You wake up in the middle of the night with deep, sharp pains in your abdomen. Your child tumbles while running outside and can no longer put weight on their ankle. You're making dinner and accidentally burn your arm pretty bad on the stove.
Accidents happen every day, so when you are faced with an illness or injury unexpectedly, where should you go: an Urgent Care Center or the Emergency Room (ER)? The answer is not always cut and dry due to confusion that often comes from hearing "emergency" and "urgent," as they both imply a medical need that demands attention quickly.
We put together this guide to help you know the difference between urgent care and emergency care and where to seek treatment when you need it.
What is an Urgent Care Center?
Urgent care centers give people access to quality healthcare when their primary care doctor's offices are closed (nights, weekends, holidays, etc.). They handle non-life-threatening situations (we'll touch on that a little later), and many have nurses and doctors on staff with access to x-rays and labs at the center.
Benefits of an Urgent Care Center
Lower costs/co-pays than ER
Shorter wait times
A bridge between ER and primary care doctor
Treats minor illnesses, injuries, and general medical conditions that don't require a physician's care or imaging technology.
Care available same-day, often without an appointment
Later evening, weekend, and holiday hours
Some prescriptions available
What is an Emergency Room?
Emergency rooms are usually attached to hospitals and are open 24 hours a day, 7 days a week. They can handle trauma, x-rays, surgical procedures, and other medical situations, so they are meant for treating life-threatening emergencies.
Benefits of an Emergency Room
Licensed ER physicians and ICU and ER trained RNs
Extensive range of prescription medications
Complete in-house lab services
Qualified x-ray technologists
Advanced diagnostic imaging
Able to become specialty certified by joint commission for things like stroke, pediatrics, and trauma.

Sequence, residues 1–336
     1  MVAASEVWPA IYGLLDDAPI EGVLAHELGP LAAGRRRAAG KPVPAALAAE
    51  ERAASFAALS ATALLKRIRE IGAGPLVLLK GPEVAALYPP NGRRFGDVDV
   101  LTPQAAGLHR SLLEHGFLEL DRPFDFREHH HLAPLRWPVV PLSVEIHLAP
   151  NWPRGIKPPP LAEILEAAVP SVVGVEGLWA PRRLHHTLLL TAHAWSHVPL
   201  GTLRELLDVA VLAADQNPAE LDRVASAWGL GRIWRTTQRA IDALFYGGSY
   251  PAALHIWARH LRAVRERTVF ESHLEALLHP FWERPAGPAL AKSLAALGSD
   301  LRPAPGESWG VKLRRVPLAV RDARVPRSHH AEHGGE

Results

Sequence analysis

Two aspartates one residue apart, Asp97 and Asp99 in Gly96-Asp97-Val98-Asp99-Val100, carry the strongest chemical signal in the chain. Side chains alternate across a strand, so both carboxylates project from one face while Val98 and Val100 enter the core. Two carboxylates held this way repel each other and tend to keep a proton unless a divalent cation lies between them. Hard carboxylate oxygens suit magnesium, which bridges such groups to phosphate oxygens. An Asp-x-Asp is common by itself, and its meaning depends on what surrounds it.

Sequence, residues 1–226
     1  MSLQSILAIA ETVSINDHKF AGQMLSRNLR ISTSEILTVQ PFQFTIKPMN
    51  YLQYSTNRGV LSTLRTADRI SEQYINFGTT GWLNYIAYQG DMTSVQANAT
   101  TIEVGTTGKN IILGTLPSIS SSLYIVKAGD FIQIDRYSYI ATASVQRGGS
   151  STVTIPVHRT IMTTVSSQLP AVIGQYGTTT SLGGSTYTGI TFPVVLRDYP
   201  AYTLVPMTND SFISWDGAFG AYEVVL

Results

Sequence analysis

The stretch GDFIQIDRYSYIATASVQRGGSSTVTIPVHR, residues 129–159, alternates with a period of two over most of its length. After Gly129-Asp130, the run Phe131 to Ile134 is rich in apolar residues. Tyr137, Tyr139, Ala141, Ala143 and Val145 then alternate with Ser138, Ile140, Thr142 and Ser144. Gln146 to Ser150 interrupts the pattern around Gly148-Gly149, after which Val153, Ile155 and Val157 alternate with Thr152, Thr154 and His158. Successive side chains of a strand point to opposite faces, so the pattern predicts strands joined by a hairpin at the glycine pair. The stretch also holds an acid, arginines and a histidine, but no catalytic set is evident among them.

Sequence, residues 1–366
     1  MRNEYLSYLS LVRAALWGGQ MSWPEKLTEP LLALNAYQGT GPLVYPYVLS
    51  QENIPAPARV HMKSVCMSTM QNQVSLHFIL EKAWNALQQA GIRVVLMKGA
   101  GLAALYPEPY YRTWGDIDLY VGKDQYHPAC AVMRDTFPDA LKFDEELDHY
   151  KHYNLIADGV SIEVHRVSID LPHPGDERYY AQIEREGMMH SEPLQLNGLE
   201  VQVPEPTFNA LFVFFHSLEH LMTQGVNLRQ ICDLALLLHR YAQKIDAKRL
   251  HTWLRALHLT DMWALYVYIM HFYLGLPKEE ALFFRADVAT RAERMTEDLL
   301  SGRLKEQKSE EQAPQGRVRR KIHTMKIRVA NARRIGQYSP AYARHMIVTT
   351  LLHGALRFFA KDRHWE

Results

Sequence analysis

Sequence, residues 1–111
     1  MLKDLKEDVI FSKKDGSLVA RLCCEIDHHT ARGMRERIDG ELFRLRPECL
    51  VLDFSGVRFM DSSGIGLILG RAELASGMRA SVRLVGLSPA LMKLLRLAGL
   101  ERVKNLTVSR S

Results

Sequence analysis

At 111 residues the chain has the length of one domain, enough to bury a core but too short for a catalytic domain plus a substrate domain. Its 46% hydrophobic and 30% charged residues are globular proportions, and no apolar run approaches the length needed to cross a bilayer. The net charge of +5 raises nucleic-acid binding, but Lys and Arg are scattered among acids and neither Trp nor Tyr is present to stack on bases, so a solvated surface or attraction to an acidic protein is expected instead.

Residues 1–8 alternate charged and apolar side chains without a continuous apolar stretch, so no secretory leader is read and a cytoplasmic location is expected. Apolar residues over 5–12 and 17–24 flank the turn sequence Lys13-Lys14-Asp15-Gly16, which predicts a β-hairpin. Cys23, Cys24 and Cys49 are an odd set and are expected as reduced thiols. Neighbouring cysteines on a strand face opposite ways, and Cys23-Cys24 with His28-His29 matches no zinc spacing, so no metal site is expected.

When Should I Go To an Urgent Care Center?
Urgent care centers can handle various medical problems that need to be treated immediately, but are not considered true emergencies. Illness, injury, and symptoms that can be evaluated and treated at an urgent care clinic include:
Fever without a rash
Vomiting or persistent diarrhea
Wheezing or shortness of breath
Bronchitis and pneumonia
Moderate flu-like symptoms
Mild to moderate Asthma
Sprains and strains
Eye irritation and redness
Minor cuts that may require stitches
Suppose your symptoms come on slowly, or you already know the diagnosis (i.e., recurrent UTIs). In that case, you should try calling your primary physician's office to see if they have any same-day appointments available.
When Should I Go To The Emergency Room?
Experiencing an emergency condition can permanently impair or endanger your life. Some examples of conditions and symptoms that should be seen in the emergency room are:
Disorientation or difficulty speaking
Sudden dizziness or loss of coordination
Seizure or loss of consciousness
Stroke symptoms (vision loss, sudden numbness, weakness, slurred speech, or confusion)
Suicidal or homicidal feelings
Shortness of breath or severe asthma attack
Gunshot and knife wounds
Major trauma to the back, neck, or head
Severe cuts or burns
Heart attack/chest pain/chest pressure
Coughing or vomiting blood
Anaphylaxis/Severe allergic reactions
You should never attempt to drive yourself to the hospital if you are experiencing any of the above symptoms. Getting to the ER as quickly as possible is important, but getting there safely is even more critical. If you or someone around you is experiencing what seems to be a life-threatening medical condition, dial 911 immediately.
The average emergency room in America is continuously crowded. As a result, patients are faced with longer wait times to be seen and higher ER bills.
Many people go directly to the ER because they don't know that Urgent Care can see them for minor to moderate illnesses and injuries that need to be treated quickly. Knowing the difference and where to go can significantly help reduce the number of people in the ER wait rooms, help you obtain the right treatment that you need when you need it, depending on the condition you have, as well ultimately improve the quality of healthcare overall.